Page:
This study is to our knowledge the first investigation issuing the use of fed-batch technology for E. coli cultivation and recombinant protein production for rocking-motion-type bioreactors. The study indicates that there is a potential of using rocking-motion-type systems which are limited by a low oxygen transfer rate for elevated biomass production. In view of its control system the CultiBag RM system provides the general features which are typical for standard bioreactors. This allows also the application of more advanced control strategies, such as exponential feeding procedures and feed-back control of the pO2. Pulsing of extra oxygen provides some advantage in overcoming the low oxygen transfer rates.

A wide interest for using rocking-motion-type bioreactors is especially expected in facilities which do not have simple access to, or experience with, bioreactor facilities. Enbase Flo provides a simple alternative for a high cell density type of cultivation without the need for the user to be a specialist in fermentation technology. In this system the amount of an enzyme determines the glucose release rate and all optimisation can be done at the microwell or deepwell plate stage. Here we show at the example of ADH that such preoptimised processes simply can be transferred to a rocking-motion-system, without the need for setting up any extra control. This would provide a simple scale up to the 100 scale. On top of this, further modifications can be done for improving the volumetric yield further, e.g. by combining an initial Enbase Flo culture with a subsequent fed-batch of glucose as an external feed, or providing further complex additives as shown in the culture of Fig. 5. Aside from the principal feasibility of Enbase Flo in a rocking-motion-type bioreactor which we demonstrated here, it will be interesting to see whether there is a direct scalability of such a process directly from deepwell plates to the scale of rocking-motion-type systems in a similar way as it was demonstrated recently for the scale up to a stirred tank bioreactor process (see [16, 26]).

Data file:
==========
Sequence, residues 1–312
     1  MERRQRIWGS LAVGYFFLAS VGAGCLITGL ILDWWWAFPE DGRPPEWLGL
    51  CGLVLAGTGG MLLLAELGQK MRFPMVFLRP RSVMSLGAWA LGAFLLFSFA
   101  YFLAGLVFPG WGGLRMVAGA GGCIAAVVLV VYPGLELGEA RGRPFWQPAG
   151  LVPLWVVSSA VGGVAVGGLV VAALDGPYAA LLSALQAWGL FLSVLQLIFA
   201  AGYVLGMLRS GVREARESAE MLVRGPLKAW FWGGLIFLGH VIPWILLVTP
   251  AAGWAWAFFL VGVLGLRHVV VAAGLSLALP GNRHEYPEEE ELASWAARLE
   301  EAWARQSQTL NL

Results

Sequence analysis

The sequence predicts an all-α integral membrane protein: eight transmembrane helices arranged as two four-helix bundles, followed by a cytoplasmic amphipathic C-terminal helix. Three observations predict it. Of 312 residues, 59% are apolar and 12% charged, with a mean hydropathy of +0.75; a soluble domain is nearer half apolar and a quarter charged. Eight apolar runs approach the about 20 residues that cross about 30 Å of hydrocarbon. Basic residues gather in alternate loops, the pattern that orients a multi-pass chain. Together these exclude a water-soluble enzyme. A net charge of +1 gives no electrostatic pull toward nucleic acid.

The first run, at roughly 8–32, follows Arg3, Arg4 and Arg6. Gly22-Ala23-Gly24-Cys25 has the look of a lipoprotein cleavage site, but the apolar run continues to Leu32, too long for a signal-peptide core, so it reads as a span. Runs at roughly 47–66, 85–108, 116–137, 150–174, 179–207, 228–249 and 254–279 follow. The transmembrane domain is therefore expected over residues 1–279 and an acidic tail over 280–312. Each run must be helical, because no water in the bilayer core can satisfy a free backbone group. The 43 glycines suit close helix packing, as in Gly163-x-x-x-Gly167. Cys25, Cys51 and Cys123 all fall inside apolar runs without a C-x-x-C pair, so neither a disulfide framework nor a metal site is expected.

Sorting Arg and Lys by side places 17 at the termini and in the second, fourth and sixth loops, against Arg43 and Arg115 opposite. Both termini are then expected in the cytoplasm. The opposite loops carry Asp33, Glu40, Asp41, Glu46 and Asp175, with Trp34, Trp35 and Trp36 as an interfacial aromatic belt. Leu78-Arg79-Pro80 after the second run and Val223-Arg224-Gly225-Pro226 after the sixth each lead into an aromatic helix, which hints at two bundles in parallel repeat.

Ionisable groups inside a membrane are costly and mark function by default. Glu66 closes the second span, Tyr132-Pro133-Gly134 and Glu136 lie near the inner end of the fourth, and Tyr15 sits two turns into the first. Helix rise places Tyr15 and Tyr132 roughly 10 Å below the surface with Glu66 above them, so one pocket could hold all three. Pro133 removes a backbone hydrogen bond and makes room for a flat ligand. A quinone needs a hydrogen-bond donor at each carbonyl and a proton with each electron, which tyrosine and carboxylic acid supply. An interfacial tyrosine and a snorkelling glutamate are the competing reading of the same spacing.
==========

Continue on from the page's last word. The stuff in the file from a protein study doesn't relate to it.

The Journal of Food Science and Technology (JFST) is the official publication of the Association of Food Scientists and Technologists of India (AFSTI). This monthly publishes peer-reviewed research papers and reviews in all branches of science, technology, packaging and engineering of foods and food products. Special emphasis is given to fundamental and applied research findings that have potential for enhancing product quality, extend shelf life of fresh and processed food products and improve process efficiency. Critical reviews on new perspectives in food handling and processing, innovative and emerging technologies and trends and future research in food products and food industry byproducts are also welcome. The journal also publishes book reviews relevant to all aspects of food science, technology and engineering. 350c69d7ab